In August 2011, Miss India Universe Vasuki Sunkavialli came under fire for “twagiarism”, or plagiarism on Twitter. At issue was a series of seven tweets she posted, out of her first 29 to her account, where she appeared to copy, without attribution, from Wall Street Journal columnist Sadanand Dhume.
When the omission was pointed out, Sunkavialli said she didn’t feel she had done anything wrong and that it was exactly what other people did on Twitter. However, it was quickly noted that what she was doing was not “retweeting”, but rather, just copying and pasting without attribution. Eventually Sunkavialli and Dhume made peace, with Dhume saying that Sunkavialli could learn from the incident.
But while Sunkavialli may be one of the best known cases of someone being accused of “twagiarism”, she is far from the only one. Twitter is, if nothing else, a sharing culture. One where people post short messages, links, images, videos, etc. that they want to share with their followers.
However, the Twitter community places a very high value on authorship. Though sharing or repeating a message is considered a high honor, that’s only the case when it is done correctly and with proper attribution.
Long before Twitter added a “Retweet” function in 2009, Twitter users had created their own system for handling retweets, namely copying the earlier tweet and prefacing it with “RT @(username)” and sending it. If a tweet had to be modified, often for brevity, one could use MT, or “Modified Tweet” to indicate as such.
This approach stemmed from a grassroots effort by Twitter’s users, during the service’s earlier years, to find ways to share what others were saying while maintaining attribution and fitting it all within 140 characters.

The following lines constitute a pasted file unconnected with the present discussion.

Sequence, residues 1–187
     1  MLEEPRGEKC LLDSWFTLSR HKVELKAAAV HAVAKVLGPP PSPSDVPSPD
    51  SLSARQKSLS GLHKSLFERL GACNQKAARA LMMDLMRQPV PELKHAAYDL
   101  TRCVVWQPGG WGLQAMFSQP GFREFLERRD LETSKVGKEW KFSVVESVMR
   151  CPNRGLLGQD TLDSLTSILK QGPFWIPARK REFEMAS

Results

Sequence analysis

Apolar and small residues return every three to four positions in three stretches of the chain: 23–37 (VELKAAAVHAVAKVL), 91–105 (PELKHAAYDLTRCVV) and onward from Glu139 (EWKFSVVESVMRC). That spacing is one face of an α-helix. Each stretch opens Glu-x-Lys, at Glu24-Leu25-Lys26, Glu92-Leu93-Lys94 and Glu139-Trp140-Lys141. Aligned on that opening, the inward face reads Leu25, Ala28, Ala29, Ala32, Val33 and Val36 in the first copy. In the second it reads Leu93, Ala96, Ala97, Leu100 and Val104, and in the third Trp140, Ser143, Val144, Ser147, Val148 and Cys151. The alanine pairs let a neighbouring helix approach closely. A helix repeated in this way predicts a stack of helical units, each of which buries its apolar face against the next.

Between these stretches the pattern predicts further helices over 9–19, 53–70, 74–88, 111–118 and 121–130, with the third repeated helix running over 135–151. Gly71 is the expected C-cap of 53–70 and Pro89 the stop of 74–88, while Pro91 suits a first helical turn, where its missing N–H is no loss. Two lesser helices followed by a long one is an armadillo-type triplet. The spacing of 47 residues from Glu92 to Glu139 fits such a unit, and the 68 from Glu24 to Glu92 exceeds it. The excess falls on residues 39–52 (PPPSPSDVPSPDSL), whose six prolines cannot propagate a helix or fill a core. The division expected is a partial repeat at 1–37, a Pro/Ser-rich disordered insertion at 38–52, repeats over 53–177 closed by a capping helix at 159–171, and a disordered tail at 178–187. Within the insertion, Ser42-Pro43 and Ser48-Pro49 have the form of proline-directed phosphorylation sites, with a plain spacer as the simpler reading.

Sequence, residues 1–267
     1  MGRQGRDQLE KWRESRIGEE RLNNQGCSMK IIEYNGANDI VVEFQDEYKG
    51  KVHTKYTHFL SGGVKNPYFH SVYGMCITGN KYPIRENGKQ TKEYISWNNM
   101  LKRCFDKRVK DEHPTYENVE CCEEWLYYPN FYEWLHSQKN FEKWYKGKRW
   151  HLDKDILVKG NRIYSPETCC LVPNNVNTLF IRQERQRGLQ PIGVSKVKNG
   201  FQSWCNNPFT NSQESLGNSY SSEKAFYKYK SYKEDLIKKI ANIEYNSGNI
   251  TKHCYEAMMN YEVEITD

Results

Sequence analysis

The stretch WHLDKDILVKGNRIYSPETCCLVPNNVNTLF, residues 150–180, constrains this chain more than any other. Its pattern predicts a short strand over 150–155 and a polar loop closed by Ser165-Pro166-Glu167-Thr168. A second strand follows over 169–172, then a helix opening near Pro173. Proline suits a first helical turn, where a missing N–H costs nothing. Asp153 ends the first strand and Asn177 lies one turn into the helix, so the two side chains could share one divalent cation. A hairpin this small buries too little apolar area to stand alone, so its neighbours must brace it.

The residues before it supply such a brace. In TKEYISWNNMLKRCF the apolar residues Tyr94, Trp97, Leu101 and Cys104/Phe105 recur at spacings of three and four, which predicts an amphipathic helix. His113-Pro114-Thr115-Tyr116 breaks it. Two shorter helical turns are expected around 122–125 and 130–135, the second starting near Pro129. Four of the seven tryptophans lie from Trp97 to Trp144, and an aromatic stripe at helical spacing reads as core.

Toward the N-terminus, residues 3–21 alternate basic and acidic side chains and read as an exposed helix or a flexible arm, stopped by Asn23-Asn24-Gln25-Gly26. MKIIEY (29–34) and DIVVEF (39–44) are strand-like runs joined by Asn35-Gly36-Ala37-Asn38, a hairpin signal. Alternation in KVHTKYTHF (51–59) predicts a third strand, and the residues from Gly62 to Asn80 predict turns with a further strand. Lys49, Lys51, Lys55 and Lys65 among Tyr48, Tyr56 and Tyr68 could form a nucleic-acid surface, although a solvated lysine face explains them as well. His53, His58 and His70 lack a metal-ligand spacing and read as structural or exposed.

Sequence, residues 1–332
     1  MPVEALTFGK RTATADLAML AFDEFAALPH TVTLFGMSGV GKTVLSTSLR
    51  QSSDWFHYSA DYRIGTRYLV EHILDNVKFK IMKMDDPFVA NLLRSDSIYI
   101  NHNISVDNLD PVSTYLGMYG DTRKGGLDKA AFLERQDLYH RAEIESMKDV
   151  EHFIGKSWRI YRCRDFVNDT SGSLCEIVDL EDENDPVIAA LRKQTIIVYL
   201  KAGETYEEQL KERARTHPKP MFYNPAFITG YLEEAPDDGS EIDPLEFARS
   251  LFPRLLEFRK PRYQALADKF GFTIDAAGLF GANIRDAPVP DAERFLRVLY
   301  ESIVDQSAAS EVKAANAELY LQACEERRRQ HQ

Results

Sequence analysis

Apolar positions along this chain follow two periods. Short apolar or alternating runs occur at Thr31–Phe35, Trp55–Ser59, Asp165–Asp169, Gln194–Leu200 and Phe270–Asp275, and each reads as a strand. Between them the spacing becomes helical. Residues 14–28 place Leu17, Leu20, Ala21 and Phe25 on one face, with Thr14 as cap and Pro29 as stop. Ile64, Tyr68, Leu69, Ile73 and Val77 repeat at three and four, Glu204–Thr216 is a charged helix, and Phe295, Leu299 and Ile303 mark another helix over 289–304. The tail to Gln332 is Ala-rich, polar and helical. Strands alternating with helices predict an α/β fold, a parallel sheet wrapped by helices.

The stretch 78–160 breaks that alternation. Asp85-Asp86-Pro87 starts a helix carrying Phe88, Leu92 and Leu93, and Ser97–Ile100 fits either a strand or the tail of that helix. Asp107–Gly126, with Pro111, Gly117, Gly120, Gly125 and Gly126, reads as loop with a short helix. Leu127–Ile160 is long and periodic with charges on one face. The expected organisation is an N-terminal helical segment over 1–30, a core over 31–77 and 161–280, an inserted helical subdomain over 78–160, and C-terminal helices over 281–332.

In that regard, Twitter is a very interesting case study in how plagiarism and attribution rules form in a community. Though, to an outsider, it might seem as if Twitter is a place that plays fast and loose with authorship, it actually holds to a strict set of internal rules and routinely calls out those who violate them.
While this might give newcomers concern that they might be considered a twagiarist, it is actually easier than ever to attribute and reuse content correctly on the service. The Retweet function makes it simple to take an item someone else posted and redistribute it to your followers, all the while, keeping attribution intact.
In fact, to your followers, the retweet looks just like the original, with that person’s name and icon. The only indication it’s a retweet from you is in smaller text near the bottom.
By simply using the retweet function when you want to pass along someone else’s tweet to your audience, you can completely avoid any issues of attribution.
Still, the fact that the Twitter community so quickly set up standards for attribution, long before Twitter itself created the process, only serves to show how important attribution is, even in a culture that’s centered around open sharing.
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